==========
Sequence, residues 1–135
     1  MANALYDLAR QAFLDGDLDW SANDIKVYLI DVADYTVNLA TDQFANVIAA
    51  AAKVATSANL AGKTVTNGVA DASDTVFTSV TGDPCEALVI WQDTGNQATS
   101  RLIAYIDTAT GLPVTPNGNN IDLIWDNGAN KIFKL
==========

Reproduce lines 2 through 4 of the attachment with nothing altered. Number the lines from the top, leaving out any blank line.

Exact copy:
     1  MANALYDLAR QAFLDGDLDW SANDIKVYLI DVADYTVNLA TDQFANVIAA
    51  AAKVATSANL AGKTVTNGVA DASDTVFTSV TGDPCEALVI WQDTGNQATS
   101  RLIAYIDTAT GLPVTPNGNN IDLIWDNGAN KIFKL